Jacopo Berengario da Carpi

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Anatomical plate by Jacopo Berengario da Carpi depicting a pregnant woman with opened uterus

Jacopo Berengario da Carpi (also known as Jacobus Berengarius Carpensis, Jacopo Barigazzi, Giacomo Berengario da Carpi or simply Carpus) (1460–1530) was an Italian physician. His book "Anatomia Carpi" published in 1535 made him the most important anatomist before Andreas Vesalius.

Early years[edit]

Jacopo Berengario da Carpi was the son of a surgeon. As a youth he assisted his father in surgical work, and his surgical skills became the basis of his later work as a physician. In his late teens, through the association of his family with Lionello Pio, Berengario came under the tutelage of the great humanist printer, Aldo Manuzio who came to Carpi to tutor Alberto III Pio, Prince of Carpi and apparently included Berengario in his instruction. In the 1480s, Berengario attended university in Bologna receiving his degree in medicine in 1489.

Fame through mercury cure for syphilis[edit]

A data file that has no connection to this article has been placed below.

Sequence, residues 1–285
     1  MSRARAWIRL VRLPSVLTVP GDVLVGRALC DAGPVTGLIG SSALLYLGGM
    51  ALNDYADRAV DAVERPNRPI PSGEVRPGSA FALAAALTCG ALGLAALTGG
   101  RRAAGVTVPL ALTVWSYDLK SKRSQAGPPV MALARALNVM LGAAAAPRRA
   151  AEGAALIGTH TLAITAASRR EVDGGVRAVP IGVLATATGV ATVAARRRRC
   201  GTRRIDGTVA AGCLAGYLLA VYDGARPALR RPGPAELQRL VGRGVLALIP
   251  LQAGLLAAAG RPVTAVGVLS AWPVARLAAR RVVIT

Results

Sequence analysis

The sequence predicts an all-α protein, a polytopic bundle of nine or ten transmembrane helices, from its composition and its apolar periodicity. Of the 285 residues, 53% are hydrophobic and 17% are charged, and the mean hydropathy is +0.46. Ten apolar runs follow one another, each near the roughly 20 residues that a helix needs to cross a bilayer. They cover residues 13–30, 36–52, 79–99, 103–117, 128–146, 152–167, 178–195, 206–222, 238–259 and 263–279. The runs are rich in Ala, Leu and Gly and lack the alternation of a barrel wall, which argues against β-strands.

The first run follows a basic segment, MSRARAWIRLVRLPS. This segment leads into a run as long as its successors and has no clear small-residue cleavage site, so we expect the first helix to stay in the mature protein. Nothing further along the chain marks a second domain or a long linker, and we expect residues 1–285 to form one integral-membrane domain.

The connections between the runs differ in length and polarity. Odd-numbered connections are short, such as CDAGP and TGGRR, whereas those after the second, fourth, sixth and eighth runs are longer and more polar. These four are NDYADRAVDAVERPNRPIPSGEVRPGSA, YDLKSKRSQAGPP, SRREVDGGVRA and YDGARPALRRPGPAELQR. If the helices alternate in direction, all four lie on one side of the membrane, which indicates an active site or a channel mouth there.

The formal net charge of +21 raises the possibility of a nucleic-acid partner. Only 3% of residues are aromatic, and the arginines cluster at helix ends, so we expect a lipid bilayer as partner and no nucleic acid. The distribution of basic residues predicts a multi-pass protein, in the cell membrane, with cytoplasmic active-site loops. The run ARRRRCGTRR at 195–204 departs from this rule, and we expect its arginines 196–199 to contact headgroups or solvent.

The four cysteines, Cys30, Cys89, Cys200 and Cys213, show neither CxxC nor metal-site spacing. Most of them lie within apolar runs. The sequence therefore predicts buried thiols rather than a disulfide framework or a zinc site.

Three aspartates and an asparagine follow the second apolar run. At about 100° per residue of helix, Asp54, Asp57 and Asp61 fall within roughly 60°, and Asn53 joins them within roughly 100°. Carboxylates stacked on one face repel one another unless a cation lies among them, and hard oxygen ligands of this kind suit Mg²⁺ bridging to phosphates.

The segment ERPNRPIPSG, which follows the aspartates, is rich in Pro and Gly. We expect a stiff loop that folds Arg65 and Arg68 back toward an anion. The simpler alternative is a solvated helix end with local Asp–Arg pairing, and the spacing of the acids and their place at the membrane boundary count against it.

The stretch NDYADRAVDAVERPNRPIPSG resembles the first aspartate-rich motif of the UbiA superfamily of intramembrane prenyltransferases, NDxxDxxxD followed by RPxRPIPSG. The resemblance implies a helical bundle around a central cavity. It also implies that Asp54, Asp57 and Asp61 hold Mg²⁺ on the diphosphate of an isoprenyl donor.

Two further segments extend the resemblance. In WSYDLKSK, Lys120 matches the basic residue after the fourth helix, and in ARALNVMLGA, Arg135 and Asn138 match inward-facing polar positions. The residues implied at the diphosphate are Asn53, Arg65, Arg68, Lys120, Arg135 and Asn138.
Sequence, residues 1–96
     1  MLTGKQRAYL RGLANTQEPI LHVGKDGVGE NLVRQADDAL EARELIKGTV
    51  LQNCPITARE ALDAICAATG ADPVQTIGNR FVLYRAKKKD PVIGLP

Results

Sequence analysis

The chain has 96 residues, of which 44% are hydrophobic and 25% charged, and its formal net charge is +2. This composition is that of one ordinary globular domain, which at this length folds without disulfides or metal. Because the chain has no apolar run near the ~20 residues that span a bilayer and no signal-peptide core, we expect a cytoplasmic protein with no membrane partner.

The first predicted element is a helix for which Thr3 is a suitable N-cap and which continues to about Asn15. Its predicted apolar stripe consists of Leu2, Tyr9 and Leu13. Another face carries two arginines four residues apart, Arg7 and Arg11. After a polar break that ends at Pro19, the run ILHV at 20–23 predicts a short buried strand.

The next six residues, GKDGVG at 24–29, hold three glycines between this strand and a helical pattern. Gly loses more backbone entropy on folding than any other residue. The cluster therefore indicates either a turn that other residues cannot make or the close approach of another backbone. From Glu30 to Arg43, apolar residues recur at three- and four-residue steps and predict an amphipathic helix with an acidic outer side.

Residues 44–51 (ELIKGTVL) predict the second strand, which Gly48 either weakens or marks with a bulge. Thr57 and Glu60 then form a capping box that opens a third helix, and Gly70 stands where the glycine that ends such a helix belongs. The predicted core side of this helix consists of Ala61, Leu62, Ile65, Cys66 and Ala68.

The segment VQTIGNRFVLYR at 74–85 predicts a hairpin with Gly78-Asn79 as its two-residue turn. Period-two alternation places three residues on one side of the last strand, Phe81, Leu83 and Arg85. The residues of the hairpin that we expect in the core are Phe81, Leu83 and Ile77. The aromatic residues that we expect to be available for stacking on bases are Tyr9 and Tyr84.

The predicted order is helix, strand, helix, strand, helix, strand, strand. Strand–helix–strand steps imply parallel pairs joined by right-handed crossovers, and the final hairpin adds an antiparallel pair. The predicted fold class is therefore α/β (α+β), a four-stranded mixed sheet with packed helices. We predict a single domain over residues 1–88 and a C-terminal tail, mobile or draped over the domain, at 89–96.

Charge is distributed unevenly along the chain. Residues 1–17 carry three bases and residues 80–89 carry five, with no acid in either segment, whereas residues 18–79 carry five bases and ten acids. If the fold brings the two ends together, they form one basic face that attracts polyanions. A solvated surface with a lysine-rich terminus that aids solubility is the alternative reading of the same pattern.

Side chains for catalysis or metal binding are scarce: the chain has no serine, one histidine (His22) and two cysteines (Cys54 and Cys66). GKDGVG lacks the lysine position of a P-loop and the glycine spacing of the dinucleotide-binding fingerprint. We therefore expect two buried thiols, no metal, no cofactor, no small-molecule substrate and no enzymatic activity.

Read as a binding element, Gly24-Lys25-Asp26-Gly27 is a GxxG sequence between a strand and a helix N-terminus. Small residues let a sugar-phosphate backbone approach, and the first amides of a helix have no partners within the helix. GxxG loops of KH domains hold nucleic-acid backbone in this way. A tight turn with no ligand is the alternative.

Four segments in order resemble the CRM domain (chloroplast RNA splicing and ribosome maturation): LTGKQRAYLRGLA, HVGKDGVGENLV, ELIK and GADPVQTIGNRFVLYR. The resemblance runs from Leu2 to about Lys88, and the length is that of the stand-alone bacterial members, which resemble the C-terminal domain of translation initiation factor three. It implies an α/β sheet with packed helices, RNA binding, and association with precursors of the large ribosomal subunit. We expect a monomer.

After obtaining his degree, Berengario returned to his father and assisted him with his surgery practice for a short time, but the influx of the “French disease” in 1494 provided Berengario with a chance to advance his career as a physician. Traveling to Rome, he treated several patients who suffered from the ailment. Judging by an admittedly one-sided account, his work in Rome was a mix of financial success and medical failure. As quoted in Lind’s introduction to the Isagoge, Benvenuto Cellini provided a scathing account of Berengario’s practice of treating syphilis with doses of mercury while charging “hundreds of crowns” paid in advance. Berengario apparently developed enough of a reputation that the Pope invited him into his service, but he turned down the offer and left Rome shortly thereafter.

Anatomy in Bologna[edit]

Isagogae

Shortly after his work in Rome, he was appointed Maestro nello Studio at Bologna, a university whose faculty were only rarely foreign and then only when they were scholars of considerable reputations. Berengario’s reputation and personal connections with powerful patrons were indeed quite strong. In 1504, the Pope granted him Bolognese citizenship, and he was asked to treat distinguished patients on several occasions including Alessandro Soderini (relative of a Cardinal and part of the Medici family) in 1513 and Lorenzo dei Medici, Duke of Urbino in 1517. Along with his reputation, Berengario increased his wealth becoming a collector of a variety of artworks including a Roman statue, a painting attributed to Raphael and a pair of vases by Cellini and eventually a house large enough to hold them all.